Submitted to: Journal of Plant Nutrition
Publication Type: Peer Reviewed Journal
Publication Acceptance Date: 7/23/2004
Publication Date: 12/1/2004
Citation: Ben-Oliel, G., Kant, S., Naim, M., Rabinowitch, H., Takeoka, G.R., Buttery, R.G., Kafkafi, U. 2004. Effects of Ammonium to Nitrate Ratio and Salinity on Yield and Fruit Quality of Large and Small Tomato Fruit Hybrids. Journal of Plant Nutrition. 2004. Vol 27, No. 10. p. 1795-1812.
Interpretive Summary: Tomato is one of the most important greenhouse vegetables in semi-arid regions, where soil and groundwater salinity are pre-dominant. Under intensive fertigation, nitrogen not only affects plant growth, it may also alter the salinity tolerance of plants depending on its ionic form. Saline conditions markedly improve tomato and other fruit quality components due to reduction in water accumulation in the pericarp, and the consequent increase in sugar and acid concentrations. However, fruit yield is usually lower under salinity than in control. There is evidence that under saline condition, some fertilization regimes result in higher yields than others. The objective of this study was to determine the combined and/or sole effects of NO3- and NH4+ under saline conditions on quality and yield of tomato genotypes with different fruit sizes, yields and fruit flavors, under protected growing conditions. Our results suggest three possible ways of counteracting the adverse effects of salinity in hydroponically grown tomato: (1) the use of mainly NO3- with the addition of up to 1 mM NH4+ improves fruit size with minimal loss of fruit quality; (2) the use of small fruit cultivars which are less susceptible to salinity up to 45 mM NaCl, and (3) the use of mild saline conditions of 20 mM NaCl in the nutrient solution which hardly reduces yield but significantly improves fruit quality.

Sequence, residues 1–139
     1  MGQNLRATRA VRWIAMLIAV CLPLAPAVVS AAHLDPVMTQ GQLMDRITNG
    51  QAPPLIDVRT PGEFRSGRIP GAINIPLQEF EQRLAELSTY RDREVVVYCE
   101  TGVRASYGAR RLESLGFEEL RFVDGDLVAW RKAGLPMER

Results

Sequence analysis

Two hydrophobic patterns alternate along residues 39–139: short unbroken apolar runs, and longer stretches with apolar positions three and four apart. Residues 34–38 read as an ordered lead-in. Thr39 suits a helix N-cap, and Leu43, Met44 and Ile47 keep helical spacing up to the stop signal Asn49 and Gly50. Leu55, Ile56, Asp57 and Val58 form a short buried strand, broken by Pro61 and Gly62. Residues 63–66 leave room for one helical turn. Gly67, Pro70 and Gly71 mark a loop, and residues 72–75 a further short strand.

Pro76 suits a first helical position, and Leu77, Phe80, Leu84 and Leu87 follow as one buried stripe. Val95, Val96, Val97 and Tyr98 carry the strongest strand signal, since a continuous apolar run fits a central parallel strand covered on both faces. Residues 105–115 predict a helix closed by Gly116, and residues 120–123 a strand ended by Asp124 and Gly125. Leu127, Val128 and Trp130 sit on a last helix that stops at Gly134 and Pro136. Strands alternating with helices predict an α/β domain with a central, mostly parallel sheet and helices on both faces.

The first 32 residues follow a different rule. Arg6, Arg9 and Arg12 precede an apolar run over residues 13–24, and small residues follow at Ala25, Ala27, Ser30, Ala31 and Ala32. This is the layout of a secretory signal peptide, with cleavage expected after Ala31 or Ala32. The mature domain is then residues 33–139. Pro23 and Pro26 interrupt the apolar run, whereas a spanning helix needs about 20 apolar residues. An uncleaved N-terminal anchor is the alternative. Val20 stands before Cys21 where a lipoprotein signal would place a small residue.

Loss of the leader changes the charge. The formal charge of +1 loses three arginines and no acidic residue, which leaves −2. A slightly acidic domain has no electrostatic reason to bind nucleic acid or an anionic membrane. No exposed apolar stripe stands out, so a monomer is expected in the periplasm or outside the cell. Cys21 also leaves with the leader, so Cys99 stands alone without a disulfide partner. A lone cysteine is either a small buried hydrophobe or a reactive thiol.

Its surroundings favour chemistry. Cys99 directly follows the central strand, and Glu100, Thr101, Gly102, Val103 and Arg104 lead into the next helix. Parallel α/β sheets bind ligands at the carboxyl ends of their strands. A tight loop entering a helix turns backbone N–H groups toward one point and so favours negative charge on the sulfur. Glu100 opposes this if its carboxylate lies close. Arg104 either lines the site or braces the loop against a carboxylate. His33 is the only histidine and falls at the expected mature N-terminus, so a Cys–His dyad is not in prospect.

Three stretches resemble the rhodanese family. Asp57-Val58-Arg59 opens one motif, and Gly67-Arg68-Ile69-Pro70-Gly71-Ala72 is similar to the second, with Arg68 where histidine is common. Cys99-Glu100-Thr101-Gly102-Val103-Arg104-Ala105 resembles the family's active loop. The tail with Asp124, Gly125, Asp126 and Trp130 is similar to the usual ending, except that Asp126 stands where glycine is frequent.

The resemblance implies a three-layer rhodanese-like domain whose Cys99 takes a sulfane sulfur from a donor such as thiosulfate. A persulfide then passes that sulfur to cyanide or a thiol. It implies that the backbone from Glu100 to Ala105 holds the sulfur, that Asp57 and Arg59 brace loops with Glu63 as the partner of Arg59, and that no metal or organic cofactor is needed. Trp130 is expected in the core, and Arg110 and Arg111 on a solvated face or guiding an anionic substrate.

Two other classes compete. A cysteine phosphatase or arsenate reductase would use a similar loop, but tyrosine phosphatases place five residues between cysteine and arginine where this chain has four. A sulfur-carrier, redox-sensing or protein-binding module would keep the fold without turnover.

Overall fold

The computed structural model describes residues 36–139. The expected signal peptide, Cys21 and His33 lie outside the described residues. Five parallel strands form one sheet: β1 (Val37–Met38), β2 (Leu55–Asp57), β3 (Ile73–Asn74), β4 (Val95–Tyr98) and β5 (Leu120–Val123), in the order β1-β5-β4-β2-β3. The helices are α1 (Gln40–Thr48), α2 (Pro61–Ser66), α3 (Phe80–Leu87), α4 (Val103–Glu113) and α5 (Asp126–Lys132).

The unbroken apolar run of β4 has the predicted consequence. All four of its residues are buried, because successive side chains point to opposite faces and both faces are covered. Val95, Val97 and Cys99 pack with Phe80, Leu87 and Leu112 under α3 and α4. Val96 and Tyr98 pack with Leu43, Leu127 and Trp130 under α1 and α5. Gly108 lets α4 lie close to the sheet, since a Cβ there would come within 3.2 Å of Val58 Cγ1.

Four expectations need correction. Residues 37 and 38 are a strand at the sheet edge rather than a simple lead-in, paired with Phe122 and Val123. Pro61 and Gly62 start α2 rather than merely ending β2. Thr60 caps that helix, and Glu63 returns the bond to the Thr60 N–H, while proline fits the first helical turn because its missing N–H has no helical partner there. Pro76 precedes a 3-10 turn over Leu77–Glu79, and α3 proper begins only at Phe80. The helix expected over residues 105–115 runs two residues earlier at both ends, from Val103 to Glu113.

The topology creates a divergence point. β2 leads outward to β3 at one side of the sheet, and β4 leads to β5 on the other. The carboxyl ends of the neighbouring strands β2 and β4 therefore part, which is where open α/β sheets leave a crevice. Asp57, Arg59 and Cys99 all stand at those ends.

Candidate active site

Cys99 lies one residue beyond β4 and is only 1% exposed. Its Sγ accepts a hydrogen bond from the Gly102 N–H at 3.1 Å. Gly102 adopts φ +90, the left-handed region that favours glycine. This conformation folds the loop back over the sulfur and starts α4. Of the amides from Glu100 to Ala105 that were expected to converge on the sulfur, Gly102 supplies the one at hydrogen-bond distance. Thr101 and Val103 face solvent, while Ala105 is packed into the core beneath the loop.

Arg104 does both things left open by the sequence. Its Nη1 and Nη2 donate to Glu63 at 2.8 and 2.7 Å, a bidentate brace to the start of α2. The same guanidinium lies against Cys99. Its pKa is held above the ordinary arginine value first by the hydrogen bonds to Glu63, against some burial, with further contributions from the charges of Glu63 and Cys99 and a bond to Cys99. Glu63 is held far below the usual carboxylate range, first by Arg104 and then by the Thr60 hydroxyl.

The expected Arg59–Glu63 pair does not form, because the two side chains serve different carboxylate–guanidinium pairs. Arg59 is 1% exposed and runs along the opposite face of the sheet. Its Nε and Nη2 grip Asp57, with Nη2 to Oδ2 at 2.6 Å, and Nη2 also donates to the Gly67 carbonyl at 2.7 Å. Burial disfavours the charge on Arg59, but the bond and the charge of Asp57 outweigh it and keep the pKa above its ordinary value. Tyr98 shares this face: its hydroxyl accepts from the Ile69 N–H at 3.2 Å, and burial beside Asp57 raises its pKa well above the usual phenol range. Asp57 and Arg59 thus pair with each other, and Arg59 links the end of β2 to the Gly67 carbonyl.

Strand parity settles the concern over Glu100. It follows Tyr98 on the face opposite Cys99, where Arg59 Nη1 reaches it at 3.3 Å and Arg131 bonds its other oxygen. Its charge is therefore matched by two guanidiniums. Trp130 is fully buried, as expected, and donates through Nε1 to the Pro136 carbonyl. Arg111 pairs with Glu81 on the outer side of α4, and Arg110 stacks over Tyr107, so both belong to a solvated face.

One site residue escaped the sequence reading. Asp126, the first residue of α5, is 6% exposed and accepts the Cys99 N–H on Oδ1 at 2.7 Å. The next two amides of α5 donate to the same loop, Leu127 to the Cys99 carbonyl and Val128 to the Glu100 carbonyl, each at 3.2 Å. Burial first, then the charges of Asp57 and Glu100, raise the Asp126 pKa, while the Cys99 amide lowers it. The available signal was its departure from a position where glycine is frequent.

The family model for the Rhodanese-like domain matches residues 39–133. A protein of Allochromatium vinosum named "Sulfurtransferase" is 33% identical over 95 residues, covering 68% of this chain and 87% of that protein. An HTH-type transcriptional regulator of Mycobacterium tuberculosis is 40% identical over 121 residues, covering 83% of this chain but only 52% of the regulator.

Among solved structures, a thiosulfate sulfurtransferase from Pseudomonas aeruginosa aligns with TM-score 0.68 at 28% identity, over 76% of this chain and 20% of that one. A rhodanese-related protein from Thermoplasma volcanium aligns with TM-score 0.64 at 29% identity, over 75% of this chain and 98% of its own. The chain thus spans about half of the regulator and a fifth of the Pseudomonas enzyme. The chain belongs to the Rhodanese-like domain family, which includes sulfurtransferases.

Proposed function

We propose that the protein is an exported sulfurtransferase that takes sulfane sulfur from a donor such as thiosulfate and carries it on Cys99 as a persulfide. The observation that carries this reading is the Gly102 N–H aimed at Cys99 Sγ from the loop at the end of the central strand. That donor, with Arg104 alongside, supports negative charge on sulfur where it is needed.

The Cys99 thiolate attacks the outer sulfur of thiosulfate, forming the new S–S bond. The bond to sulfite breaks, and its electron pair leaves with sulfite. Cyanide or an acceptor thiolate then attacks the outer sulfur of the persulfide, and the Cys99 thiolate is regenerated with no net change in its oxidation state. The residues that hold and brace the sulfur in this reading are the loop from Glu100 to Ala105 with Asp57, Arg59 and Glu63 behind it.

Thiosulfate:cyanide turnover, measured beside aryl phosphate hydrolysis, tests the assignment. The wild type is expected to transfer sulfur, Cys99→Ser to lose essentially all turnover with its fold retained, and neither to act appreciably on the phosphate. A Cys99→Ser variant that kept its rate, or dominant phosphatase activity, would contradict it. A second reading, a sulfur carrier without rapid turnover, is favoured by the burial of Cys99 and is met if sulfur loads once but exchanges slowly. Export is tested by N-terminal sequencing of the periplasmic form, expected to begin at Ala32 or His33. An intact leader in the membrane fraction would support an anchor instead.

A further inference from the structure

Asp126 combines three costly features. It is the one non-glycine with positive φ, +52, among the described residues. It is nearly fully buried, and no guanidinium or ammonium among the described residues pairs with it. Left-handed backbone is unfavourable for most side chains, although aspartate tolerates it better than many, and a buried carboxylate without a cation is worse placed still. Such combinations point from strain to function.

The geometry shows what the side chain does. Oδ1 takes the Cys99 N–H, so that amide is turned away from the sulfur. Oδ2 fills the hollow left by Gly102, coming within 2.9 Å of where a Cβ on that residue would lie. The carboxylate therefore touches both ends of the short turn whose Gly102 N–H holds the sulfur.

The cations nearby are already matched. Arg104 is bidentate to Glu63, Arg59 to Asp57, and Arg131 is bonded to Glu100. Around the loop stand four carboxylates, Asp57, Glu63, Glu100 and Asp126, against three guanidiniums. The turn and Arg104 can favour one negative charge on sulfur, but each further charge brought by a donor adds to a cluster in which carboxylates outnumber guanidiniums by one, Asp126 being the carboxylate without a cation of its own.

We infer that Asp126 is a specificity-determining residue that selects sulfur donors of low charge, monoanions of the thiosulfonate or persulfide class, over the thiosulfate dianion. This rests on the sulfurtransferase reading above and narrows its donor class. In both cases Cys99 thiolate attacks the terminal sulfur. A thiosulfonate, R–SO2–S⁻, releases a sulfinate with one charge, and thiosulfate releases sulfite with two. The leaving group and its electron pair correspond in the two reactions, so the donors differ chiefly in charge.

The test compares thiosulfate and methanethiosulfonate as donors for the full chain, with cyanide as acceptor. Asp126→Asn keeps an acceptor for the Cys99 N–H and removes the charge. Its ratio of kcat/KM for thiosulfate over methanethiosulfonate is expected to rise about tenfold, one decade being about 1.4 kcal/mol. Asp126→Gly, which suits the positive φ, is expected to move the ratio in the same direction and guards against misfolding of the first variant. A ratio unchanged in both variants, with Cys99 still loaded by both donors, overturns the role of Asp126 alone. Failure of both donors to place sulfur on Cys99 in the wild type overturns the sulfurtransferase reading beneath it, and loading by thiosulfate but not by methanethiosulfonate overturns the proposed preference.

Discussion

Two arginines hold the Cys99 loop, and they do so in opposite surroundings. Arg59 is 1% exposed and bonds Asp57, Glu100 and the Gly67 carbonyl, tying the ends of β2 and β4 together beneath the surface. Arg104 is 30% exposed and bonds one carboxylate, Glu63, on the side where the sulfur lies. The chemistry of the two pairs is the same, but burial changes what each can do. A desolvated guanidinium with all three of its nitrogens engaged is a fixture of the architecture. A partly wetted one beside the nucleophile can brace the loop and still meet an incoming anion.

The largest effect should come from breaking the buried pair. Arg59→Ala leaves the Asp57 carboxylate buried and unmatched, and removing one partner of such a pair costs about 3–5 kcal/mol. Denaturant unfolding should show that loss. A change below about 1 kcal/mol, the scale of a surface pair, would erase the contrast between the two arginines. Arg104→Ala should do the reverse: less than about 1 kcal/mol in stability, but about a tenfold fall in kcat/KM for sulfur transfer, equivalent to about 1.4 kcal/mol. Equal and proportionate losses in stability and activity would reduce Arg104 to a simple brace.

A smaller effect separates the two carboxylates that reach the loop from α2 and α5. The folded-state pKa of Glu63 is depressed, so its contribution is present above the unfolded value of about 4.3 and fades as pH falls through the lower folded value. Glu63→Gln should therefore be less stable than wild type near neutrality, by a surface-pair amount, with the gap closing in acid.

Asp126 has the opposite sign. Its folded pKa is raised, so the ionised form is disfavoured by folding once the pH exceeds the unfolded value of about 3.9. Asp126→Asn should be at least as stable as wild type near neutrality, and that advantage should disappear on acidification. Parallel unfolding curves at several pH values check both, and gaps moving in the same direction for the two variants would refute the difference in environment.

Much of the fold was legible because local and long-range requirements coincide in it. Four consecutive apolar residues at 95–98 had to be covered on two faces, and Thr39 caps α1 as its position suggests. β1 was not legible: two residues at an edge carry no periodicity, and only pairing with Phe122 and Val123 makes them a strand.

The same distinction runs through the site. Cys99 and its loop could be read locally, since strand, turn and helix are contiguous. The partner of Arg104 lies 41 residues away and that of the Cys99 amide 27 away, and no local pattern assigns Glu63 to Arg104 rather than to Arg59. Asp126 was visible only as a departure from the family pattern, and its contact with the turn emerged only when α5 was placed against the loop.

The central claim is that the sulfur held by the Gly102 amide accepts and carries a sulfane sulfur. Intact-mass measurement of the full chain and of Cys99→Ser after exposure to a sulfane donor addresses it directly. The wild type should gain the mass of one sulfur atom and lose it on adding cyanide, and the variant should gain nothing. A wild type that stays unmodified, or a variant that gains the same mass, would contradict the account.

Technical Abstract: Tomato cultivars respond differently to nitrogen sources and to saline conditions, in terms of both yield and fruit quality. Interactions between salinity and NH4+/NO3- ratios with tomato genotypes were studied. The effect of four ammonium levels (0, 1, 2, 4 mM of total 8 mM N) and two salinity levels (0 and 45 mM NaCl) on R 144, and the effect of two salinity levels (0 and 45 mM NaCl) on four tomato hybrids (R 144, R 175, FA-612, and FA-624) were studied in two greenhouse experiments. The effects of two NH4+ levels, (0 and 2 mM out of total N at 8 mM), and two salinity levels (0 and 20 mM NaCl) on large-fruited (R 144) and small-fruited (FA-612) tomato hybrids were also studied in a nethouse. The NaCl at 45 mM resulted in a smaller leaf area index (LAI), lower plant dry matter and lower fruit yield than controls. Addition of 1 mM NH4+ to the nutrient saline solution contributed to improved growth. Genotypes bearing large fruits were more prone to suffer yield losses under saline conditions than those having small fruit. In the second experiment, salinity treatment resulted in improved fruit total soluble solids (TSS), electrical conductivity (EC) and titratable acidity in all of the hybrids except for FA-612. Fruit TSS was inversely correlated with yield. However, the ratio of TSS decline versus yield varied among the hybrids. At mild salinity (20 mM NaCl), fruit TSS and titratable acidity were significantly increased in R 144 while yield was slightly decreased. Transpiration rate decreased with the presence of ammonium in the nutrient solution in both hybrids. The highest and lowest values were obtained for FA-612 and R 144, respectively. The detrimental effect of higher salinity is mainly attributed to the decrease in LAI and subsequent reduction in water uptake, resulting in low fruit weight. Addition of 1 mM ammonium to 7 mM nitrate in the nutrient solution had an ameliorating effect on tomato fruit yield under high saline conditions.